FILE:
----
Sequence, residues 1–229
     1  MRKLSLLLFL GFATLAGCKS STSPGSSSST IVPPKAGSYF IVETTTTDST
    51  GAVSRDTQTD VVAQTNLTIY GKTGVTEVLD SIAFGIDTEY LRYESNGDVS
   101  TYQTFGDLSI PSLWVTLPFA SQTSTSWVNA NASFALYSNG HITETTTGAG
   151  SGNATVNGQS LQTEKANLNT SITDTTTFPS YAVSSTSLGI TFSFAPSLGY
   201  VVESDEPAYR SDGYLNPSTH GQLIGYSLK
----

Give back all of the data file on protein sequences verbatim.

Sequence, residues 1–229
     1  MRKLSLLLFL GFATLAGCKS STSPGSSSST IVPPKAGSYF IVETTTTDST
    51  GAVSRDTQTD VVAQTNLTIY GKTGVTEVLD SIAFGIDTEY LRYESNGDVS
   101  TYQTFGDLSI PSLWVTLPFA SQTSTSWVNA NASFALYSNG HITETTTGAG
   151  SGNATVNGQS LQTEKANLNT SITDTTTFPS YAVSSTSLGI TFSFAPSLGY
   201  VVESDEPAYR SDGYLNPSTH GQLIGYSLK